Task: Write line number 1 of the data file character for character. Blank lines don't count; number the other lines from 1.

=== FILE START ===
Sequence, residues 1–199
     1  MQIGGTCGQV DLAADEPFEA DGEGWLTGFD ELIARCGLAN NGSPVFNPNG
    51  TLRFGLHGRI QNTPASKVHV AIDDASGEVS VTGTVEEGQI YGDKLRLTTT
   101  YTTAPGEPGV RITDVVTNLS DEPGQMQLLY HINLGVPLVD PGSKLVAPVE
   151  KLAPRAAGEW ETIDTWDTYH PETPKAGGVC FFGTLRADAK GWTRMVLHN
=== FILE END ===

Sequence, residues 1–199